Edzard Ernst, a former professor of complementary medicine and latterly vocal critic of CAM approaches, has fired a fresh volley of criticism at the Prince of Wales over his support for homeopathy.
Ernst has been involved in a decade long spat with the Prince, whom he accuses of using his royal public profile to advance the cause of “quack” treatments.
Last week Ernst turned his attention to a homeopathic remedy known as Berlin Wall sold by London homeopathic pharmacy Ainsworths, which has a royal warrant from both the Prince of Wales and the Queen.
Breaking down barriers
The remedy, known also as Murus Berlinensis, is described as containing fragments of the Berlin Wall, though diluted to sub-molecular levels in accordance with homeopathic practices. Among the conditions and symptoms the remedy is recommended for are ‘separation’, ‘personal relationship issues’, and ‘helping break down barriers’.
Ainsworth’s sells the remedy with prices ranging from £20 to £72. The remedy is also available from national homeopathy manufacturer Helios.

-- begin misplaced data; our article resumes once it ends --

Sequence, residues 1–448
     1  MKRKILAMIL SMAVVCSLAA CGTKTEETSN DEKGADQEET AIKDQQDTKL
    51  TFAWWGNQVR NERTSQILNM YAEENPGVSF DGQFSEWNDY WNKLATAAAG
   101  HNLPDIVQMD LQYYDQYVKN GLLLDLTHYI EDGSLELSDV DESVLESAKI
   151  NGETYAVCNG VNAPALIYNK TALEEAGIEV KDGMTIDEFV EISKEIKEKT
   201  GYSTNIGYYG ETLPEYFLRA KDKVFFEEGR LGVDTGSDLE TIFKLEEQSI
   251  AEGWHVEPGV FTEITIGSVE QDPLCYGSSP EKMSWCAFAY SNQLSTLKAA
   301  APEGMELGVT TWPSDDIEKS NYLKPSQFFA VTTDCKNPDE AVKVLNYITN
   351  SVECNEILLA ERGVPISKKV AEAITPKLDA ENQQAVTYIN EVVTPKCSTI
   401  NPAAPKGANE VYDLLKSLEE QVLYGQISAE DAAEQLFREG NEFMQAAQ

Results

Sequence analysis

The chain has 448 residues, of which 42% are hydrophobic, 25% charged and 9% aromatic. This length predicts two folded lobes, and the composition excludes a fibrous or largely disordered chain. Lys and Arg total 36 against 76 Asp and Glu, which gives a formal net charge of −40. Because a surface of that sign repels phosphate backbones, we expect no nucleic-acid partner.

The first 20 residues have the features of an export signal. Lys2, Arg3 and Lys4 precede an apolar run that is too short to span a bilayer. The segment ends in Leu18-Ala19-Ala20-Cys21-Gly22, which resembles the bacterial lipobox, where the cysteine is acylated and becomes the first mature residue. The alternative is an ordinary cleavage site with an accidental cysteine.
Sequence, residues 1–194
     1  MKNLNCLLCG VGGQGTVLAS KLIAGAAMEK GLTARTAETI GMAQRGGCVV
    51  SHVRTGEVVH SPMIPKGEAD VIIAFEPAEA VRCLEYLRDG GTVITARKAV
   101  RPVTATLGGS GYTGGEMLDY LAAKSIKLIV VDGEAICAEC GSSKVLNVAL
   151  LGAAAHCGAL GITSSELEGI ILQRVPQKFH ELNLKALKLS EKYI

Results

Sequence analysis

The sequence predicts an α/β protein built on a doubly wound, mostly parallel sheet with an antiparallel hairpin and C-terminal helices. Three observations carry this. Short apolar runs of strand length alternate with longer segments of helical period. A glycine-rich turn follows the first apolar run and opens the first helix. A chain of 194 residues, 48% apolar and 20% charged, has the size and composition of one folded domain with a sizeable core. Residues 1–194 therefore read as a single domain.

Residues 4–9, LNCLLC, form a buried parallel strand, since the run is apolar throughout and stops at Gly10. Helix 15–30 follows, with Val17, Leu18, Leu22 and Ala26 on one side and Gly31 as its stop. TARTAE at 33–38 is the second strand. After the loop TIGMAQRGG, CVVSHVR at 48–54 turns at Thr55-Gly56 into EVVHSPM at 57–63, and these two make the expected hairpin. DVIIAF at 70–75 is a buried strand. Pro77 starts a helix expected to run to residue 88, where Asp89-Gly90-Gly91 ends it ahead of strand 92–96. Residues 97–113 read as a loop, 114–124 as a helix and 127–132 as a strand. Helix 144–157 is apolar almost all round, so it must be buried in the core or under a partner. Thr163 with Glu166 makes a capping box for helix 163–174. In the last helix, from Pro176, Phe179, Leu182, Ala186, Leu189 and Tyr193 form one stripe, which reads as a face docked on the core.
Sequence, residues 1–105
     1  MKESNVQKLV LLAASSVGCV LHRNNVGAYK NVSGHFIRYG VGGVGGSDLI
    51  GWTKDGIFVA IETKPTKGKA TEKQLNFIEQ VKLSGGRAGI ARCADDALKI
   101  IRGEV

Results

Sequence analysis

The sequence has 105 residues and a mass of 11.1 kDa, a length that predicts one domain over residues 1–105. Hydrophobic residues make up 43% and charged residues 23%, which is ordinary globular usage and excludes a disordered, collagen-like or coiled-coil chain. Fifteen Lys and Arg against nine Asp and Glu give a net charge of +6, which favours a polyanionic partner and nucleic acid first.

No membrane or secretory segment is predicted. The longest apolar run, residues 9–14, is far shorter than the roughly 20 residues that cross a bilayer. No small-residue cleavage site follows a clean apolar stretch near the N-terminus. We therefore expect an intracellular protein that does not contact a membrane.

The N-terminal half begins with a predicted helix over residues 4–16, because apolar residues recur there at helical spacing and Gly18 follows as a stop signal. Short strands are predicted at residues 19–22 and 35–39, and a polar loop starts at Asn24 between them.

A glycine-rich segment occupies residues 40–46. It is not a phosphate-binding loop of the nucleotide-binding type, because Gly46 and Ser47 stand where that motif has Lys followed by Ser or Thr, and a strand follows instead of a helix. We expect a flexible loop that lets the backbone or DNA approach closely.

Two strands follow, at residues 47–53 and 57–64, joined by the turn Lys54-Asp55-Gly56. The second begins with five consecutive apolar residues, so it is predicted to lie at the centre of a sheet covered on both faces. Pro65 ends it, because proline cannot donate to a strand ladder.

Speaking at the Science and Media Centre, Prof Ernst said: “People think that homeopathy is based on natural substances. Berlin Wall shows this is not true.” He added: “The lamentable thing is not that shops sell it, the lamentable thing is that people are being misinformed.”
Ernst told The Times that while such remedies were “not only bonkers but also ineffective”, the royal warrants gave them “a sense of credibility”.
Tony Pinkus, director at Ainsworths dismissed the criticism, telling the newspaper that Ernst was “an arch sceptic of homeopathy”.
But not all homeopaths are so sure about the wisdom of affording remedies such literalist powers. The Greek homeopathic practitioner and teacher George Vithoulkas has previously cautioned that “the sake and credibility of homeopathy was not served by using remedies like Berlin Wall”.